|1.||any of several speech sounds that are regarded as contextual or environmental variants of the same phoneme. In English the aspirated initial (p) in pot and the unaspirated (p) in spot are allophones of the phoneme /p/|
|2.||(Canadian) a Canadian whose native language is neither French nor English|
|a calculus or concretion found in the stomach or intestines of certain animals, esp. ruminants, formerly reputed to be an effective remedy for poison.|
|a screen or mat covered with a dark material for shielding a camera lens from excess light or glare.|
one of the phonetically distinct variants of a phoneme (q.v.). The occurrence of one allophone rather than another is usually determined by its position in the word (initial, final, medial, etc.) or by its phonetic environment. Speakers of a language often have difficulty in hearing the phonetic differences between allophones of the same phoneme, because these differences do not serve to distinguish one word from another. In English the t sounds in the words "hit," "tip," and "little" are allophones; phonemically they are considered to be the same sound although they are different phonetically in terms of aspiration, voicing, and point of articulation. In Japanese and some dialects of Chinese, the sounds f and h are allophones.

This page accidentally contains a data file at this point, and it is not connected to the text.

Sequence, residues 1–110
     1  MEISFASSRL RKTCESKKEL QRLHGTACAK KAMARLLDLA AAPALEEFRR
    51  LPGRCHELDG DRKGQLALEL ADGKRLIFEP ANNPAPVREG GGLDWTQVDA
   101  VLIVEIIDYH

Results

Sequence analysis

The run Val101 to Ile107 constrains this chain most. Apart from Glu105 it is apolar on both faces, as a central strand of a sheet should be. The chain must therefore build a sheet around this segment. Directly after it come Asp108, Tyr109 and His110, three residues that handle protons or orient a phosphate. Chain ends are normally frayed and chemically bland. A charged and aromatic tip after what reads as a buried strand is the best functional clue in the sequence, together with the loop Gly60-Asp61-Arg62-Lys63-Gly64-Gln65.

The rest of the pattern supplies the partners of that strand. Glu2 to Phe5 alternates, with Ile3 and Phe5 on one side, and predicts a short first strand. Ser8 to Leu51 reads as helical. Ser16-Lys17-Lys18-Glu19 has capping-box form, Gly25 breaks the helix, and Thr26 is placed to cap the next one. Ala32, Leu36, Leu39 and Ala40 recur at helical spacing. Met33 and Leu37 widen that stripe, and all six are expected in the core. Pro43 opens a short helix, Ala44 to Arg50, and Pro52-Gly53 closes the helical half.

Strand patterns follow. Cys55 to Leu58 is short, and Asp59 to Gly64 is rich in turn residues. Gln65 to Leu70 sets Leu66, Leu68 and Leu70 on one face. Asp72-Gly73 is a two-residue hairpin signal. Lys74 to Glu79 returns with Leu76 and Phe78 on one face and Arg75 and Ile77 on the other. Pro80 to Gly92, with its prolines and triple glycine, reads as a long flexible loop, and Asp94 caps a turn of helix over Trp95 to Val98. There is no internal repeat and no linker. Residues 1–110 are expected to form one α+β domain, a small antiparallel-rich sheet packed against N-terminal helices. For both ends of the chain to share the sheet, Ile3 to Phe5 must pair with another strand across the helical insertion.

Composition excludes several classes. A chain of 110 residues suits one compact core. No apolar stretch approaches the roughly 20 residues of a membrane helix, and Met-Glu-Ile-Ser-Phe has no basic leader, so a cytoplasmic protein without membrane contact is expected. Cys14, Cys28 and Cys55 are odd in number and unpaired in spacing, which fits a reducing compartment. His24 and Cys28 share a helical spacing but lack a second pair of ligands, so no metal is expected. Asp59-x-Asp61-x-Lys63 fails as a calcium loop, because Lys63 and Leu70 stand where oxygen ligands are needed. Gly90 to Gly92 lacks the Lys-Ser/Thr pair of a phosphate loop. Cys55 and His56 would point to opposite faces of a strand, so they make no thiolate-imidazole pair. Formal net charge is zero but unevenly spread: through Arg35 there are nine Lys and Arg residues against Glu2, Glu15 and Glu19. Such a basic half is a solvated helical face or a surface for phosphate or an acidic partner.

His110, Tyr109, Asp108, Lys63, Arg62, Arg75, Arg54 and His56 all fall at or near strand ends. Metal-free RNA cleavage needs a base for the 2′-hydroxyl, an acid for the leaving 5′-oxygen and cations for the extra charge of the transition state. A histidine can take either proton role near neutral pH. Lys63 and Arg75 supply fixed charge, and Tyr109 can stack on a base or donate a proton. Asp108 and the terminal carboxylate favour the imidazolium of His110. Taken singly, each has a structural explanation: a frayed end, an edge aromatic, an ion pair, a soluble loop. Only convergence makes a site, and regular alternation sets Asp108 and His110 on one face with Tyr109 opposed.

Learn more about allophone with a free trial on Britannica.com.